Note: This is one in a series of posts addressing new rules from the IRS that may be used to determine which employees are full-time employees for purposes of applying the play-or-pay penalties under health care reform. Although the penalties do not become effective until 2014, it may be necessary to begin collecting data on employees soon, so it's a good time to begin thinking about these rules.
As we have already seen, an employer may use a measurement period to determine whether an employee is a full-time employee, and any such full-time employee must be offered health-plan coverage during the following stability period, if the employer wants to avoid an automatic penalty for that employee. But, of course, enrollment can take some time. The employee may have multiple coverage options to consider and enrollment forms to fill out. And the employer will almost certainly need time to calculate the employee's hours of service during the measurement period. So it wouldn't work very well if the stability period had to begin immediately after the measurement period.
A Time For Transition. Recognizing this, the IRS’s guidance allows employers to use an "administrative period" in connection with their measurement and stability periods. This allows for a reasonable transition period between the measurement and stability periods. It also allows the initial measurement period to begin at a convenient time, such as at the beginning of a month or payroll cycle.
Ground Rules. Like the measurement and stability periods, employers have flexibility in defining the administrative period, but there are some ground rules.
- General Limit. An administrative period may in no case exceed 90 days.
- Rules for New Hires. In the case of a newly hired employee, the initial measurement period plus the administrative period may not extend beyond the last day of the first month beginning on or after the first anniversary of the date of hire. In other words, the total period from date of hire to date of coverage may not exceed 13 months, plus a fraction. Also, the administrative period is defined as any period of time from the date of hire to the date of coverage, other than the initial measurement period. So if the employer uses an administrative period both before and after the measurement period, the two periods must collectively satisfy the 90-day limit and the 13-month-plus-a-fraction limit.
- Rules for Ongoing Employees. For ongoing employees, the administrative period may not reduce or lengthen the measurement period or stability period. The administrative period also must overlap with the prior stability period, so that anyone treated as a full-time employee for that stability period will continue to have coverage for all of that stability period.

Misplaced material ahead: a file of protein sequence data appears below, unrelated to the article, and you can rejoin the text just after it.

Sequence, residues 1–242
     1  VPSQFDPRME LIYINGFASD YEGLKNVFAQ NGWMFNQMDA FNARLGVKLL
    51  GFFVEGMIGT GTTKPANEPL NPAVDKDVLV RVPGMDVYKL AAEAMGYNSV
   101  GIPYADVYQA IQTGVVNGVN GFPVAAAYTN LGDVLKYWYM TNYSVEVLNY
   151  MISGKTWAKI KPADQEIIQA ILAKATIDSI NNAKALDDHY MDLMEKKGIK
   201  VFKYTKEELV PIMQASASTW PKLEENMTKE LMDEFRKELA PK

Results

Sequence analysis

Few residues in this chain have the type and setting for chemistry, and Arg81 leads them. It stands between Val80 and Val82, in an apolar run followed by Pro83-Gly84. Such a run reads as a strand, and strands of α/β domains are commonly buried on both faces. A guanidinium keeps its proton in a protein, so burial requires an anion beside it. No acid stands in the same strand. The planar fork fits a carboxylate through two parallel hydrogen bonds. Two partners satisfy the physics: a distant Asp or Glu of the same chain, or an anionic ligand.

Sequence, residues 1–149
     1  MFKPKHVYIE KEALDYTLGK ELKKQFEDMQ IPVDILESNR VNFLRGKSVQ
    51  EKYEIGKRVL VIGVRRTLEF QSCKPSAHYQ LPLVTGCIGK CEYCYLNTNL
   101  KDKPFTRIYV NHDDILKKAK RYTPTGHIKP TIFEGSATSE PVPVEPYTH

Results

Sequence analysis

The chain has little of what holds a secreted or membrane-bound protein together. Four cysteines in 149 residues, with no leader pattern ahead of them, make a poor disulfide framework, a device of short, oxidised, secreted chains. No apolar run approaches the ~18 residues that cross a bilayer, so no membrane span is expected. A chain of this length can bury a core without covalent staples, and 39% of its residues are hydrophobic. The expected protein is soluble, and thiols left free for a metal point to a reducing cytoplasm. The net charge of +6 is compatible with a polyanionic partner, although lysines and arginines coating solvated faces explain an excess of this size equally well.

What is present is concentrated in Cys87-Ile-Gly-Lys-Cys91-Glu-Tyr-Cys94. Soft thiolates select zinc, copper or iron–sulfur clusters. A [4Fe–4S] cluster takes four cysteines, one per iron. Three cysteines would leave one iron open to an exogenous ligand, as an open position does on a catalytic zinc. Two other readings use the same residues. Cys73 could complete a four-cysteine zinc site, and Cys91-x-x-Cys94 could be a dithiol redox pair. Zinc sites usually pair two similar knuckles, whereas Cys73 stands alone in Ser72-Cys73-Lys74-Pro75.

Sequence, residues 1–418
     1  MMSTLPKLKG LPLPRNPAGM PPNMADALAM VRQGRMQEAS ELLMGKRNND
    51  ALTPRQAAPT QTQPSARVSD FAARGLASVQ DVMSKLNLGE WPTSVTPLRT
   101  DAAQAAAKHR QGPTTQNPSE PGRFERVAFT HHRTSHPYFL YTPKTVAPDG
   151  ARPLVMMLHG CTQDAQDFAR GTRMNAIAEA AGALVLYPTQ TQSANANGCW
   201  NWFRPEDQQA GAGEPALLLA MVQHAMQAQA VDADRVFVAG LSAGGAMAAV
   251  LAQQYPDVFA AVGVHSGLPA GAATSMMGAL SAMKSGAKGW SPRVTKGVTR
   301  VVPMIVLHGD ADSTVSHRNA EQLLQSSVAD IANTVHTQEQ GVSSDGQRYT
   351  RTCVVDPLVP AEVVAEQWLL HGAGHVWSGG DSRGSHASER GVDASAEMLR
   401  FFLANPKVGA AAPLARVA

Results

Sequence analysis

Maybe an example or two will help.
Example 1 - New Hire. Assume an employer uses a 12-month initial measurement period, beginning on the date of hire. An employee hired on November 20, 2014 will have an initial measurement period that ends November 19, 2015. The employer could then allow for an administrative period between November 19, 2015 and January 1, 2016. This would be within the 90-day maximum. And the initial measurement period plus the administrative period would not extend more than 13 months and a fraction after the date of hire.
Example 2 - New Hire. Assume an employer uses a 12-month initial measurement period beginning on the first day of the month after date of hire. An employee hired on November 20, 2014 will have an initial measurement period that begins December 1, 2014 and ends November 30, 2015. The employer could then allow for an administrative period between November 30, 2015 and January 1, 2016. This again would satisfy the 90-day maximum, even taking into account the administrative period between November 20, 2014 (the date of hire) and December 1, 2014 (the beginning of the initial measurement period). It would also satisfy the 13-month rule, because the period between the date of hire (November 20, 2014) and the date of coverage (January 1, 2016) does not exceed 13 months plus a fraction.
Example 3 - Ongoing Employee. Assume an employer uses a 12-month standard measurement period beginning October 15 each year and a 12-month standard stability period beginning January 1 each year, with an administrative period between October 15 and January 1. Now let's say an employee is determined to be a full-time employee for the measurement period ending October 14, 2014 and so is offered coverage during the stability period beginning January 1, 2015, but then is determined not to be a full-time employee during the measurement period ending October 14, 2015. During the administrative period that begins October 15, 2015, this employee will continue to have coverage, because the administrative period overlaps with the 12-month stability period that began January 1, 2015. The employee will no longer have coverage beginning January 1, 2016.
There are many different examples of possible scenarios, but these illustrate the basic ideas. How an employer chooses to define its administrative period will depend in large part on what fits best with the employer's existing systems for tracking hours of service and processing health plan enrollments.
Next - Part 5: New Hires
Part 1: The Problem
Part 2: Measurement Periods
Part 3: Stability Periods